On Reading Freire's "The Banking Concept of Education"


Freire's essay compares two types of education, which he calls "banking" and "problem posing".  They are most explicitly contrasted on pp. 61-62 in a list, a-j.


But paying attention only to that list can lead to an over-simplification of Freire's argument.  The two types of education are important because of what they imply about the context, purpose, and effects of education, not just because of what happens in the classroom (which is what the list focuses on).  Many students interpret banking education to be synonymous with classrooms where there are lecture, where students are expected to memorize and regurgitate, where facts are taught.  They often say math, sciences, and languages must be banked, or that elementary school must be banking.  They see problem-posing classrooms as ones where students have discussion, sharing their opinions, being creative.


This way of talking of the two forms over-simplifies Freire's argument.  Contrasting the elements listed below should help understand Freire's argument better.


I.  Make a chart contrasting the banking and problem-posing definitions of these terms.  Indicate on which pages each is discussed (they tend to be treated more than once):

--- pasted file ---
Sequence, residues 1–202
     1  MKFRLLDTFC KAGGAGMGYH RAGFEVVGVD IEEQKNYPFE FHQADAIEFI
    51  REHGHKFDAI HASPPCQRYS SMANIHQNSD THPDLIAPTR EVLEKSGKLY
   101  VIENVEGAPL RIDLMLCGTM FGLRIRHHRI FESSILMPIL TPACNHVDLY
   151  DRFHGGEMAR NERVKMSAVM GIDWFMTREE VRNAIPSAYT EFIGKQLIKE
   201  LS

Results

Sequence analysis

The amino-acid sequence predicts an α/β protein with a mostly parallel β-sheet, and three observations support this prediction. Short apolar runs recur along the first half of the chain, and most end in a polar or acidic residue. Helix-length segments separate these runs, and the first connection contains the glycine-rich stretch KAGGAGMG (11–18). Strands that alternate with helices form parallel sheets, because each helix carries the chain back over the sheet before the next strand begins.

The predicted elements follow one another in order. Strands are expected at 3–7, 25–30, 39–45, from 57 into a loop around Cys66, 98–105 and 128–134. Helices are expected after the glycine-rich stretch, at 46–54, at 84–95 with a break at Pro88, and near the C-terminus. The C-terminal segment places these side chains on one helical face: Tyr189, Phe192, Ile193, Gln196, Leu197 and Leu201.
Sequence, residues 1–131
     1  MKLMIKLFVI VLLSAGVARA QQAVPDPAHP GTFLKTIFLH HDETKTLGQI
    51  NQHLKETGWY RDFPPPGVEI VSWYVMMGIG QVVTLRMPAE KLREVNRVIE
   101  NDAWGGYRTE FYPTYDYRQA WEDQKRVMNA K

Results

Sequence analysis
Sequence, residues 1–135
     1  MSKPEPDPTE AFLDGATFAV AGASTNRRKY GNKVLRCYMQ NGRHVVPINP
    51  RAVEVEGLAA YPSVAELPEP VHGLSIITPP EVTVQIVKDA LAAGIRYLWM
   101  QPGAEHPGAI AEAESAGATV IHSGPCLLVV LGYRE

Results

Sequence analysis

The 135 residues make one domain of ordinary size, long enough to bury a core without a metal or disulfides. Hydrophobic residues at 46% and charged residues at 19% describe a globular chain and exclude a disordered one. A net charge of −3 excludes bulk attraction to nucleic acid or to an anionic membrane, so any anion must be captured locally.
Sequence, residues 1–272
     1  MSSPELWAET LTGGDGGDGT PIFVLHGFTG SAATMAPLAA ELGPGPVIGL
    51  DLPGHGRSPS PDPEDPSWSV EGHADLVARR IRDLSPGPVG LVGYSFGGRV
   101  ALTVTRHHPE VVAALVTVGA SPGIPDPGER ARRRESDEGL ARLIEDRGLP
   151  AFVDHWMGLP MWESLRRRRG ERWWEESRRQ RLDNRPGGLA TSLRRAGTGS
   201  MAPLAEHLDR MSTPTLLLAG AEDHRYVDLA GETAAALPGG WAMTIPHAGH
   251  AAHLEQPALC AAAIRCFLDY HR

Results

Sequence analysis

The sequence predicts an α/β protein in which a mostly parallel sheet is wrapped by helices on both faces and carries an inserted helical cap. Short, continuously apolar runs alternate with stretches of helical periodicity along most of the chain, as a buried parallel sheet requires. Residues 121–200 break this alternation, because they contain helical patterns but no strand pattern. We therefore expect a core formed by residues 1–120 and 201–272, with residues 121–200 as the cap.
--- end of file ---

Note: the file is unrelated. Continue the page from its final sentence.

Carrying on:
Students, teachers, their relationship

Goals of education

Reality/the world

Human relationship with the world

Consciousness or thought


II.  To understand the large conceptual context of Freire, explain what Freire means by being "truly human" or "fully human," "humanization," the human vocation, the ontological vocation.  See pp. 61, 63, 67, 71, 73.


III.  A final question on Freire:  To what extent to his ideas have any relevance to your education -- you who are not illiterate adults, who are not socially, politically, and economically oppressed.



For what it's worth, and in case it helps, here's my summary of Freire's argument:


Paulo Freire compares two concepts of education, banking and problem-posing.  In banking teachers assume students are passive, take all control, determine what will be learned, and "force-feed" information to students.  The world is seen as static; students are encouraged to "fit in to" the world as it is.  Banking encourages students to accept the world as it is, separates the learner and the learner's consciousness from the world, and so contributes to oppression.  In problem-posing, students and teachers carry on a dialogue to teach one another.  The world is seen as always in the process of becoming; students are seen as parts of that.  Students are therefore active, becoming empowered to criticize the world and so change it.  Problem-posing thereby results in the liberation of the students and in the revolution against oppressive social and economic systems.  Problem-posing education allows people to develop their human natures fully because it depends on dialogue (communication), recognizes the relationship between people and the world, encourages inquiry, and leads to transformation.